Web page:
Since Republic Act 11534, otherwise known as the Corporate Recovery and Tax Incentives for Enterprises (CREATE) Act, took effect, the Bureau of Internal Revenue (BIR) has released issuances and clarifications to implement the amendments introduced therein. On Dec. 10, 2021, Revenue Regulations (RR) No. 21-2021 took effect, implementing the amended value-added tax (VAT) incentives of Registered Export Enterprises (REEs) on their imports and local purchases, as provided under the Tax Code, as amended, and the Implementing Rules and Regulations of the CREATE Act.
Months after, Revenue Memorandum Circular (RMC) Nos. 24-2022 and 49-2022 were issued to provide clarifications on RR No. 21-2022. RMC No. 24-2022 clarifies that VAT-registered REEs whose registration with an IPA has expired is subject to VAT, whereas RMC No. 49-2022 clarifies that REEs enjoying 5% GIT/SCIT are to shift registration from VAT to Non-VAT taxpayers. In this regard, concerns may have surfaced from taxpayers on the proper application and consequences of the above clarifications.
To address these concerns, the BIR recently issued RMC No. 152-2022 to further clarify the transitory provisions of RR No. 21-2021 and as explained in RMC Nos. 24-2022 and 49-2022. These issuances implement and clarify the VAT zero-rate incentives under the Tax Code, as amended, and as implemented by Rule 18 of the CREATE Act Implementing Rules and Regulations.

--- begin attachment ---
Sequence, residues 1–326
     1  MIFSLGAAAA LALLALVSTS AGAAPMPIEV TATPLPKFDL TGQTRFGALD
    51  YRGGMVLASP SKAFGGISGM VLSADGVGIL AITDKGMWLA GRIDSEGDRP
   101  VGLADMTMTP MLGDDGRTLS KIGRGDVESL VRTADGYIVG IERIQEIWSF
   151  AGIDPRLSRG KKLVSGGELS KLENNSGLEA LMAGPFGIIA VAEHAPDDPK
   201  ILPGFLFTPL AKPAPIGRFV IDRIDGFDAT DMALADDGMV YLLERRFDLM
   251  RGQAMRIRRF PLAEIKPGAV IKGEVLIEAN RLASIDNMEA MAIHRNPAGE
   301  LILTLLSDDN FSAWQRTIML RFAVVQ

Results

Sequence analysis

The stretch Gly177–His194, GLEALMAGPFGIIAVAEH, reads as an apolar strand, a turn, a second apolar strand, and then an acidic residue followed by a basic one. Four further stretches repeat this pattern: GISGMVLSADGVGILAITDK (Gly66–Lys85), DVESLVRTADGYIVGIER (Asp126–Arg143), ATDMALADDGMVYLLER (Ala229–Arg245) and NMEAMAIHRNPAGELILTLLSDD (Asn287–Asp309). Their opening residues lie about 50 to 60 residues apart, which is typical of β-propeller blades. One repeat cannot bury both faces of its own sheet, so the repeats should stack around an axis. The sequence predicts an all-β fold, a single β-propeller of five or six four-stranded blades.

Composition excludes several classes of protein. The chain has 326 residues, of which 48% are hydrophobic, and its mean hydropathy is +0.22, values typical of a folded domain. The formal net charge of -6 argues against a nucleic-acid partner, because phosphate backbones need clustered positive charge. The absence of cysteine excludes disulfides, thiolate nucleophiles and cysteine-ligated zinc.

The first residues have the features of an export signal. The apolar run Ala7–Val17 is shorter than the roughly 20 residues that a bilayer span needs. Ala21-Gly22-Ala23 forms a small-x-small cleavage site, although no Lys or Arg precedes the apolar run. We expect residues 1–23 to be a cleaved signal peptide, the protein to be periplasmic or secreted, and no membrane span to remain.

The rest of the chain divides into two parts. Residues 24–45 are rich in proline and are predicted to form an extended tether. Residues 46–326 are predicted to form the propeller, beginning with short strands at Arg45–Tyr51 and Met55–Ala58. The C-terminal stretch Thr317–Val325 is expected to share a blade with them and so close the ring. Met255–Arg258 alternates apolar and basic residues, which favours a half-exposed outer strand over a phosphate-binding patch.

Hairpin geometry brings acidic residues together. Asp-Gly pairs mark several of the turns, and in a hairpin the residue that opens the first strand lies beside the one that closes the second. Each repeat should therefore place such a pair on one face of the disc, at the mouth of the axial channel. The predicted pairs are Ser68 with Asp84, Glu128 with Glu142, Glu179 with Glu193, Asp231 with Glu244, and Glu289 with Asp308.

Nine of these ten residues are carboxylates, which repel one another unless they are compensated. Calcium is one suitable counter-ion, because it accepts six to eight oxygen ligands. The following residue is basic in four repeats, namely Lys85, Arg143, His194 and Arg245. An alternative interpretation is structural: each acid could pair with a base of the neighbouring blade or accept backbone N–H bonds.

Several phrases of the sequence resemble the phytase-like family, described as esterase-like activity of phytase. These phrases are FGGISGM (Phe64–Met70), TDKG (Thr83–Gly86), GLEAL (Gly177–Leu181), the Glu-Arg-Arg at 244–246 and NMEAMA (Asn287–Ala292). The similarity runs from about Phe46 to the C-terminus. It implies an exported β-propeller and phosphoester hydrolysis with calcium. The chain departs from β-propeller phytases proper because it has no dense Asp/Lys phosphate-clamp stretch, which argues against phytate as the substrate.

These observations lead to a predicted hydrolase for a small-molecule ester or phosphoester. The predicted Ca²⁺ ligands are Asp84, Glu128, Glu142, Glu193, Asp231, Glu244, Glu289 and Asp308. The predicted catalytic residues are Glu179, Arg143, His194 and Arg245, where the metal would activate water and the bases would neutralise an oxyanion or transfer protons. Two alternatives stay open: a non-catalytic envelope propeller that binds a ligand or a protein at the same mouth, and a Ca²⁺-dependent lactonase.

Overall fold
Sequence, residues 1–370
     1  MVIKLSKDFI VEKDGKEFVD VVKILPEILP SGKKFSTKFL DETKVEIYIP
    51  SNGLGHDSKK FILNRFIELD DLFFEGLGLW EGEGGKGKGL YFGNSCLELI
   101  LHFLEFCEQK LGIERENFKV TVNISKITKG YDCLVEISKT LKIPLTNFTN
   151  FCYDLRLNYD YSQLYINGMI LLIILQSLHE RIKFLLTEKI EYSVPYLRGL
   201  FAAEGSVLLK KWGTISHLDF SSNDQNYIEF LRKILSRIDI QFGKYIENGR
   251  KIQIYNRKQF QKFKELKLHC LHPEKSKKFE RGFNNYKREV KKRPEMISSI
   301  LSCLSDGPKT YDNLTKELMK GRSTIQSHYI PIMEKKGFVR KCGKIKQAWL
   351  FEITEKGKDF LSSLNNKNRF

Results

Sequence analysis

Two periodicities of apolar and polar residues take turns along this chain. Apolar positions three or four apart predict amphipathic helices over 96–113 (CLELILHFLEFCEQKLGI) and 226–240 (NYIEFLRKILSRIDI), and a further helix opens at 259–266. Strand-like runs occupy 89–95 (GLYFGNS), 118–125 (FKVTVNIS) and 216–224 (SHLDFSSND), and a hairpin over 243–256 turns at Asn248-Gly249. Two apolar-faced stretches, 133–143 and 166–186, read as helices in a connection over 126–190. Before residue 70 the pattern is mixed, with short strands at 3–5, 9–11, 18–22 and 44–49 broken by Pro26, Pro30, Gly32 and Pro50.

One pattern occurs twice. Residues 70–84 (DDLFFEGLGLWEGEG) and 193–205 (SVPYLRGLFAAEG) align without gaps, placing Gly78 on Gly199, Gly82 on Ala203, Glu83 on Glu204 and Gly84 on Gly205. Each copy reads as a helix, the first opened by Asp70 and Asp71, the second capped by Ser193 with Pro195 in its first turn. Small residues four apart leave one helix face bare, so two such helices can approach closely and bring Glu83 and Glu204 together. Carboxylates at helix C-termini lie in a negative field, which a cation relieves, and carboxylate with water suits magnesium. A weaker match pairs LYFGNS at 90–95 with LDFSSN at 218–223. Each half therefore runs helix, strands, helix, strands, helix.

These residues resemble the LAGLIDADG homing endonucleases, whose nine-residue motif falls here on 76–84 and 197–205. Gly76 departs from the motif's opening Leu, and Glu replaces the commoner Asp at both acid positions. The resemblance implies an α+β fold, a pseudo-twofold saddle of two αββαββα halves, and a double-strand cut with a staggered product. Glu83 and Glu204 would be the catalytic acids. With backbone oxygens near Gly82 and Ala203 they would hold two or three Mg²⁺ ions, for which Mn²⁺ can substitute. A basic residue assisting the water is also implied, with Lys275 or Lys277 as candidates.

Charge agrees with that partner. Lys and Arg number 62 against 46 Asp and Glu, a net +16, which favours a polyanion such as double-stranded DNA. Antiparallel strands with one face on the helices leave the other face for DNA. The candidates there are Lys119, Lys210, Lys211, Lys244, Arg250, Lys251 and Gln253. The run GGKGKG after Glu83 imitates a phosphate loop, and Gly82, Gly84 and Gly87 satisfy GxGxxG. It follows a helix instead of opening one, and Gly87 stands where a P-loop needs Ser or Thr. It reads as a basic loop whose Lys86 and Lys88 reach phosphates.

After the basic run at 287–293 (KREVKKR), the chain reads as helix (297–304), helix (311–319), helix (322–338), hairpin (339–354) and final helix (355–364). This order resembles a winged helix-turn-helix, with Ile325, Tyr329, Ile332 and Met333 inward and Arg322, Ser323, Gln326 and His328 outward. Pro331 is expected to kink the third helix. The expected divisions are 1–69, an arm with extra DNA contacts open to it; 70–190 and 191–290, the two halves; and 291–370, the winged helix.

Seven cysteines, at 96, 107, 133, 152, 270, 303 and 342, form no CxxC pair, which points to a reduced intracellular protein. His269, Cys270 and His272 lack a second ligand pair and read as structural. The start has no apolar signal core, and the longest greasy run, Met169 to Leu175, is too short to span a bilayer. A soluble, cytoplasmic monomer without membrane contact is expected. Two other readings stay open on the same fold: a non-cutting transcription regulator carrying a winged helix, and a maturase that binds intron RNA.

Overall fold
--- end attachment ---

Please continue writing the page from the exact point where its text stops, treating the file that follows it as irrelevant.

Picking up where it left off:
The BIR grants relief to suppliers/sellers who might have treated and declared their sales to REEs as VAT zero-rated in their respective quarterly returns during the transitory period between the effectivity of RR No. 21-2021 on Dec. 10, 2021, and the issuance of Q&A No. 26 of RMC NO. 24-2022 on March 9, 2022. It is to be noted that RMC No. 24-2022 clarified that an REE whose incentives have expired is no longer qualified for VAT zero-rating on local purchases during the transitory period. In such cases, the BIR, in RMC No. 152-2022, ruled that the above transactions which transpired during the transitory period remain VAT zero-rated to avoid prejudice to affected taxpayers.
On the other hand, in cases where the REE is qualified for VAT zero-rate on its purchases, but was charged 12% VAT by the seller during the transitory period, the buyer and the seller may either:
1. Retain the transaction as subject to 12% VAT
VAT-registered purchasers, in such case, can utilize the input VAT from their output tax or if the purchaser is engaged in zero-rated activities, the same can be recovered through the VAT refund pursuant to Section 112(A) of the Tax Code, as amended. If the purchaser is not VAT-registered, the VAT paid may be claimed as part of the cost of sales or expenses.
2. Revert the transaction from VAT at 12% to VAT zero-rated where the seller may amend the same after reimbursing/returning the VAT paid by a buyer that is an REE.
The related VAT Sales Invoices/Official Receipts (SI/OR) to such transactions are to be retrieved by the seller for cancellation and replacement with VAT SI/OR. The seller is to prepare a list of canceled VAT SI/OR together with the replacement subject to validation of the BIR.
Consequently, the purchaser must likewise file an amendment return to reflect the reduced input VAT it previously declared in the VAT return/s.